for global IPv6 addresses. For non-global IPv6 addresses
          (e.g. link-local or site-local addresses), the scope
          identifier MUST always be present. It contains a link
          identifier for link-local and a site identifier for
          site-local IPv6 addresses.

          The scope identifier MUST disambiguate identical address
          values. For link-local addresses, the scope identifier will
          typically be the interface index (ifIndex as defined in the
          IF-MIB, RFC 2233) of the interface on which the address is
          configured.

          The scope identifier may contain the special value 0
          which refers to the default scope. The default scope
          may be used in cases where the valid scope identifier
          is not known (e.g., a management application needs to
          write a site-local InetAddressIPv6 address without
          knowing the site identifier value). The default scope
          SHOULD NOT be used as an easy way out in cases where
          the scope identifier for a non-global IPv6 is known."
     SYNTAX       OCTET STRING (SIZE (16|20))

   InetAddressDNS ::= TEXTUAL-CONVENTION
     DISPLAY-HINT "255a"
     STATUS       current
     DESCRIPTION
         "Represents a DNS domain name. The name SHOULD be
          fully qualified whenever possible.

          The corresponding InetAddressType is dns(16).

          The DESCRIPTION clause of InetAddress objects that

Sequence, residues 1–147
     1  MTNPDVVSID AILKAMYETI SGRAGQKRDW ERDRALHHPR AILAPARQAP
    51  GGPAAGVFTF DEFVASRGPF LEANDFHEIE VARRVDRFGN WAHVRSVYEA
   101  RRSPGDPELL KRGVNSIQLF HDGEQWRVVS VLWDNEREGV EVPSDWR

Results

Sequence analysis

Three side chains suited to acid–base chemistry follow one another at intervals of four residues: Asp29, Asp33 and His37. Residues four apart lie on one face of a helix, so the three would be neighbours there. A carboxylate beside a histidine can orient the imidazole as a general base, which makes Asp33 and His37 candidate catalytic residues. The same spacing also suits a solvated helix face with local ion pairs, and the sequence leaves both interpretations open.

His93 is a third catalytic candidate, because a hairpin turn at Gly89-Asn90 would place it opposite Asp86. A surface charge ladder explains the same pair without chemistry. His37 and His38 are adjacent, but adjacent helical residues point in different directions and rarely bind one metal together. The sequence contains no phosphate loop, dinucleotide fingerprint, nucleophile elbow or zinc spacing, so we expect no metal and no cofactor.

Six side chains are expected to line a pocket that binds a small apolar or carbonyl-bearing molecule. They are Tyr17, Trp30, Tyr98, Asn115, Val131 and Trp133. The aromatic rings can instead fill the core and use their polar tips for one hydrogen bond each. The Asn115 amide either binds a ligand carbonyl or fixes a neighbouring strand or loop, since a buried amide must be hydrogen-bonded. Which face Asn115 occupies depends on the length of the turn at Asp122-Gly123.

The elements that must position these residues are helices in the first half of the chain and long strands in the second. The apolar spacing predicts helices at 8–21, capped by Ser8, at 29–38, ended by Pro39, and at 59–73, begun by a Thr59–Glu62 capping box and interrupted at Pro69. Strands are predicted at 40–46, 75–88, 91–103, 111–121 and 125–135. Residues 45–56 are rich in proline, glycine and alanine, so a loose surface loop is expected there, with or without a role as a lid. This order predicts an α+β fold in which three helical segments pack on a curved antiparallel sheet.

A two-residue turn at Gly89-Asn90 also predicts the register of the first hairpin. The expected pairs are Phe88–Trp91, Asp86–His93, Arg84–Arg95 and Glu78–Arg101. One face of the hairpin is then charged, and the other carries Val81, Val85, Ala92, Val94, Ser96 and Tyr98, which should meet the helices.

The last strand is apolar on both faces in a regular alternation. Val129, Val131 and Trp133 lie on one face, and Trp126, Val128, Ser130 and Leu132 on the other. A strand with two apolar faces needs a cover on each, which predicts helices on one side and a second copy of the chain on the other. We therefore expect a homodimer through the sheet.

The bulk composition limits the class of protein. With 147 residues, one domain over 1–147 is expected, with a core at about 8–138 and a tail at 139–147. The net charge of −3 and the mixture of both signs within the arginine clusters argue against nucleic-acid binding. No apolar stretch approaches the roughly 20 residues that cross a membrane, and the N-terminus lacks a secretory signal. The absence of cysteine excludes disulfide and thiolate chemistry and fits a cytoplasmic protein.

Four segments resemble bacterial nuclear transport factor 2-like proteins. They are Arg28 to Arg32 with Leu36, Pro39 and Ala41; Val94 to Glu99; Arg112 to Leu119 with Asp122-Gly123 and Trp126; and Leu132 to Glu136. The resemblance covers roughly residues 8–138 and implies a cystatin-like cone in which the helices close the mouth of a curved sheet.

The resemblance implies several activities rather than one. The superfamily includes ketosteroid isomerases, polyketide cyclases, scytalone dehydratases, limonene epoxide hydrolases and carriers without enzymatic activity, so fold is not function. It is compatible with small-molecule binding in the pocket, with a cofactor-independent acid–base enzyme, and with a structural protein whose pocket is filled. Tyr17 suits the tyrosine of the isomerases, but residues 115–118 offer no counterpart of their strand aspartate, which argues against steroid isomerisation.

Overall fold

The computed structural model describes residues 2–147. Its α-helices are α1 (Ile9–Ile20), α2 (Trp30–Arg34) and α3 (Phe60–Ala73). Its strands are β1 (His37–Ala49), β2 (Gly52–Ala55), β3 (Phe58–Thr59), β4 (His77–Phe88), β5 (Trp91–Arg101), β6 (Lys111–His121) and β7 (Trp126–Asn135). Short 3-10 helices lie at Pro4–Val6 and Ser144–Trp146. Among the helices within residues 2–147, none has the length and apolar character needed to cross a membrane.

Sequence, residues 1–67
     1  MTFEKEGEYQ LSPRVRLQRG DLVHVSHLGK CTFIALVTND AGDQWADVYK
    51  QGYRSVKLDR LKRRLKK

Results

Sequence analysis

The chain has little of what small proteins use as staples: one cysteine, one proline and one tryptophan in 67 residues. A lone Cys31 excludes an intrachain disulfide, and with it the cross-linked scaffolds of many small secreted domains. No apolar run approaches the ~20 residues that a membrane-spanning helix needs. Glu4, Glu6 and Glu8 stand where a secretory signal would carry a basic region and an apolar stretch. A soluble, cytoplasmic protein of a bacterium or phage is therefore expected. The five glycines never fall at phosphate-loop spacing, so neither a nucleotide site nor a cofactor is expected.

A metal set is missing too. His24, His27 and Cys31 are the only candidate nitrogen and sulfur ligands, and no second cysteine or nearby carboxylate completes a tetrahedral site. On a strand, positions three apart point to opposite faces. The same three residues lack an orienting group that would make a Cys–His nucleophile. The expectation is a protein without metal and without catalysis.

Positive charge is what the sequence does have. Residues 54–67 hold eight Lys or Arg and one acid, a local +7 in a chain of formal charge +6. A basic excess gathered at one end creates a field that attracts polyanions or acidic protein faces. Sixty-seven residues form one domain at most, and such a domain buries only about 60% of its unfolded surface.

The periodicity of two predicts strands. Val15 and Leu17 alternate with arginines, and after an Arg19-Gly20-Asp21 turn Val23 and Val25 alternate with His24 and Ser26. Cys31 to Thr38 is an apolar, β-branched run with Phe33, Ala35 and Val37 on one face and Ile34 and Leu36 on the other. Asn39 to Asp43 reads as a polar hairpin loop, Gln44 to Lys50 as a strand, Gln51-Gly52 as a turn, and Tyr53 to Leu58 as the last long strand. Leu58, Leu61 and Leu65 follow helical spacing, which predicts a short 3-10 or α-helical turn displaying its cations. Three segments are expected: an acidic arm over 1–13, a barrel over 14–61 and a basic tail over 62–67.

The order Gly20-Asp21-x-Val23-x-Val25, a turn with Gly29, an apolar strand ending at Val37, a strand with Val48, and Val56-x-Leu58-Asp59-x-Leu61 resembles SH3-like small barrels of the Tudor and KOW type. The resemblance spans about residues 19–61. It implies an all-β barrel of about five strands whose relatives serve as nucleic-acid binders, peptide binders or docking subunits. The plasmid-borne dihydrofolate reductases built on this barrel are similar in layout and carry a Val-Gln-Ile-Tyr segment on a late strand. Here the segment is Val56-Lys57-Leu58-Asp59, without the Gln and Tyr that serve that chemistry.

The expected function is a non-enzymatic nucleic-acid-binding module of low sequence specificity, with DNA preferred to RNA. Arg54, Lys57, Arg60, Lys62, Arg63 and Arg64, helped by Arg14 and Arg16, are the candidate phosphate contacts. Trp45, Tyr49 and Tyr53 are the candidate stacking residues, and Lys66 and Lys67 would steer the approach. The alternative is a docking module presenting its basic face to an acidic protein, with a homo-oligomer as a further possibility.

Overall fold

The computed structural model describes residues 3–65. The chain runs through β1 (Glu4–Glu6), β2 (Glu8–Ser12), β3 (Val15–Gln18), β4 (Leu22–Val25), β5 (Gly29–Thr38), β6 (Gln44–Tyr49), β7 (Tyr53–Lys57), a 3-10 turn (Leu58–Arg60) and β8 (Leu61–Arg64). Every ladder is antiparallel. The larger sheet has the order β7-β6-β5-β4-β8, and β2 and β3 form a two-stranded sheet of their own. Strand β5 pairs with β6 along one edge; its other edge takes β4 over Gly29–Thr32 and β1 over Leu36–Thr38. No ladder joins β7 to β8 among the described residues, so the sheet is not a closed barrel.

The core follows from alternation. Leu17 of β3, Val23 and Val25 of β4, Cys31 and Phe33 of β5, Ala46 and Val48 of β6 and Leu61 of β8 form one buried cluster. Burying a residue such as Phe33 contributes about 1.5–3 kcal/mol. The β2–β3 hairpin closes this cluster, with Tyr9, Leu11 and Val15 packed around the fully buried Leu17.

may have InetAddressDNS values must fully describe
          how (and when) such names are to be resolved to IP
          addresses."
     SYNTAX       OCTET STRING (SIZE (1..255))

   END

4. Usage Hints

   One particular usage of InetAddressType/InetAddress pairs is to avoid
   over-constraining an object definition by the use of the IpAddress
   SMI base type. An InetAddressType/InetAddress pair allows to
   represent IP addresses in various formats.

   The InetAddressType and InetAddress objects SHOULD NOT be subtyped.
   Subtyping binds the MIB module to specific address formats, which may
   cause serious problems if new address formats need to be introduced.
   Note that it is possible to write compliance statements in order to
   express that only a subset of the defined address types must be
   implemented to be compliant.

   Internet addresses MUST always be represented by a pair of
   InetAddressType/InetAddress objects. It is not allowed to "share" an
   InetAddressType between multiple InetAddress objects. Furthermore,
   the InetAddressType object must be registered immediately before the